I mean, it's definitely not some big conspiracy or just dumb writers getting on a high horse all of a sudden. It's real people who enjoy games just like you and care about these kinds of things. Our different perspectives and feelings have a place in gaming, because we play games, too.

I can understand some confusion or even frustration at changes not being to your liking, as the way things were may feel more comfortable for you, but I personally quite appreciate gaming feeling more and more like a place we can consider and talk about these things. We're living in a great time in gaming, and I genuinely believe games and the community around them will be even better in the future thanks to many efforts being made today. :)

I think its more that people like myself don't feel that the "conversation" is much of one. One of the reasons I generally despise atheism discussions on the internet (like the infamous subreddit /r/atheism) is that they feel like gigantic echo chambers. Very few people on the aforementioned subreddit seem interested in doing things like discussing the merits of belief vs. atheism and how they can coexist in society, but more about having discussions about how any person of belief is a deluded idiot who doesn't have a rational thought in their head. The sexism and gaming debate feels largely the same, its not about discussing representation of women in games or in the industry and examining what the root causes are (like gaming being characterized initially as something only sad lonely virgin males did or women generally not being encouraged to go into STEM fields) but rather about how games are sexist because they are made for and by gross misogynists who want to keep women out of their boy's club because vaginas are icky or some such nonsense. It seems to me like a far more reasonable course of action is to go after the root causes of why women aren't represented, which is because there aren't a lot of women in games, which has to do with the perceptions of STEM fields. As the old saying goes, you catch a lot more flies with honey rather than vinegar, and it seems like all we get from games press is vinegar about how hateful and sexist gamers and game makers are.

#8 Posted by President_Barackbar (3467 posts) -

@kevin_cogneto: That's valid, I'm just trying to take a silver lining approach to this whole thing. I personally can't stop the harassment and negativity that goes on, and I'd much rather have something positive to take away from a horrid occurrence.

#9 Posted by President_Barackbar (3467 posts) -

@defaultprophet: My point was that two weeks of time wouldn't have stopped them from coming to the same conclusion.

@kevin_cogneto: You are right that this basically has nothing to do with the way Giant Bomb runs things, but I think its healthy that this industry as a whole grapples with criticism. I think that its positive that some sites have listened to the LEGITIMATE criticism that has come out of this thing and decided some changes needed to be made.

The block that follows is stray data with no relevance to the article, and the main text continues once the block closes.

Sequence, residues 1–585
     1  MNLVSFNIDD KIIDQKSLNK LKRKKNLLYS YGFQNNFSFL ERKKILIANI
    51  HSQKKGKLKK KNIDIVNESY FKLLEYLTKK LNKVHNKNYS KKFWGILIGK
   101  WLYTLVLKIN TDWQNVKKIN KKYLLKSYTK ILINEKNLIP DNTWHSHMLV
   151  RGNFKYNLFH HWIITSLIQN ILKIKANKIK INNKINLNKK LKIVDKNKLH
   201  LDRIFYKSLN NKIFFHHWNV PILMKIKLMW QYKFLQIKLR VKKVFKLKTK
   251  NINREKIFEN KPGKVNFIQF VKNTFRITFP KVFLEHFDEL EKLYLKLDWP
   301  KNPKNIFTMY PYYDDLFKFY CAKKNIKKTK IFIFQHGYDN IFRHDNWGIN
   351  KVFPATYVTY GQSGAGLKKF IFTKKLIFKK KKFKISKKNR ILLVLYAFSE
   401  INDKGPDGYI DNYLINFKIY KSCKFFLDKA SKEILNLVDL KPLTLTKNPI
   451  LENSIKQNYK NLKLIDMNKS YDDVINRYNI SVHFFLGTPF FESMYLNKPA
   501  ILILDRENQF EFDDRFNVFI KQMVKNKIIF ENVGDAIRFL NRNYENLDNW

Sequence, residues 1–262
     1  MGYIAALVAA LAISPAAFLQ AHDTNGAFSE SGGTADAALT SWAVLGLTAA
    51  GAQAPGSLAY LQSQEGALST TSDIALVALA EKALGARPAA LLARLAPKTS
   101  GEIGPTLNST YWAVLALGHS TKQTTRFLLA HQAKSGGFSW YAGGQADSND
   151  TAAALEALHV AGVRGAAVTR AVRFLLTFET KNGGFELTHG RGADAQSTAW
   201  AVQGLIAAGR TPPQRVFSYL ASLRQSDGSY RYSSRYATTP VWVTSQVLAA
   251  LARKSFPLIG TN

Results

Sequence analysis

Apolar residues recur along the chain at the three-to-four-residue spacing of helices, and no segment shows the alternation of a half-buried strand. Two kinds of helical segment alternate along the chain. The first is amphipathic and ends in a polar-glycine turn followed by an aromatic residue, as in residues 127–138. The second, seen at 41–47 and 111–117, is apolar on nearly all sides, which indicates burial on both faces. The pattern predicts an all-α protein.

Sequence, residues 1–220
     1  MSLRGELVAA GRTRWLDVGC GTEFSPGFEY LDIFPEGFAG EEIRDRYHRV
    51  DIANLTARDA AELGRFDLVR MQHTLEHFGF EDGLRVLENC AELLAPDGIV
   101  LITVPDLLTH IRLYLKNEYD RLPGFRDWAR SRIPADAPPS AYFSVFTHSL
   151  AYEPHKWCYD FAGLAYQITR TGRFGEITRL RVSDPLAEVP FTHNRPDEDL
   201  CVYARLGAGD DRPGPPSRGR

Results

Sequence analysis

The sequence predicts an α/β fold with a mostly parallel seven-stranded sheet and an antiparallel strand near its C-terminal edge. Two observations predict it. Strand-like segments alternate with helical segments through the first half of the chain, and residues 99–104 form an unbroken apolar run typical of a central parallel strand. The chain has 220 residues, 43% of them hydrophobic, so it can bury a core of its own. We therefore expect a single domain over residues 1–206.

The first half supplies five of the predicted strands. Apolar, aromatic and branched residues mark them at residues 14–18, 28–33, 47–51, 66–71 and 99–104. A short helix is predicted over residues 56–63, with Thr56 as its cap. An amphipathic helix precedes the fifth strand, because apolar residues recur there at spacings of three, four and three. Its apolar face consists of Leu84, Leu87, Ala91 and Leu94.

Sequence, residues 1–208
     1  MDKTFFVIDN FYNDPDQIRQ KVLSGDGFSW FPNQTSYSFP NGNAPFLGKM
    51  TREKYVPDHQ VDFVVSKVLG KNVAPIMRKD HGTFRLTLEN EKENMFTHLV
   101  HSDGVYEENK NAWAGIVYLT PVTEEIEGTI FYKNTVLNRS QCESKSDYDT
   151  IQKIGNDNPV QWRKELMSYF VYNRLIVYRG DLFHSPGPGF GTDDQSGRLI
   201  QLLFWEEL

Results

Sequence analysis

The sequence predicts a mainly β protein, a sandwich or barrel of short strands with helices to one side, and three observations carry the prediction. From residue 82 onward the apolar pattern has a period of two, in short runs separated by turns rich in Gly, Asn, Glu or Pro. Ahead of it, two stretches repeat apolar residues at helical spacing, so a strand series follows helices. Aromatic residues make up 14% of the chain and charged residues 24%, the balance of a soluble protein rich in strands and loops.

#10 Posted by President_Barackbar (3467 posts) -

@president_barackbar said:
@patrickklepek said:

I do not think you can, say, change site policies in the middle of this, and pretend it isn't on some level a capitulation to the harassment. It's all intertwined. The policy could have changed a few weeks later, and it wouldn't have the same ugly stigma attached to it.

Wouldn't it though? Its not really that hard to draw conclusions regardless of the timing. I mean, I don't really think it makes a difference WHEN the change happens because people could always tie it back to this specific event. That's why I'm not in favor of the argument that changing policies now legitimizes the abuse, because those abusers who want to see it as a capitulation to their side could always come to that conclusion. I mean, Bill O'Riley said on Fox News that he saw Romney's defeat in 2012 as a signal that "lazy America" and those who wanted a full welfare state had won, despite political scientists pointing to a myriad of other, larger factors that significantly contributed to his defeat. People will always spin things in a way that suits them.

Yeah, I mean you can't reason with conspiracy-minded people. You could literally post a huge manifesto that lays out all of Giant Bomb's ethics policies, disclosure policies and review policies, complete with a list of every single interaction with every single developer you've ever had. You could go to every effort to be as transparent as possible, and and people will still say that the disclosures that you made were fraudulent. Or worse, start calling for firings for every perceived deviation from the stated policy.

Personally, I say fuck them. There's absolutely no cause to doubt the integrity of any of the Giant Bomb staff. You don't need to dignify their nonsense.

That's actually not what I was getting at. I was more saying that I think its a fallacy to assume that Kotaku and Polygon making changes to their disclosure policies right now indicates a capitulation to abuse as opposed to waiting until some weeks after, because those who want to see it as a "win" for abusers are always going to see it that way regardless of how much time has passed.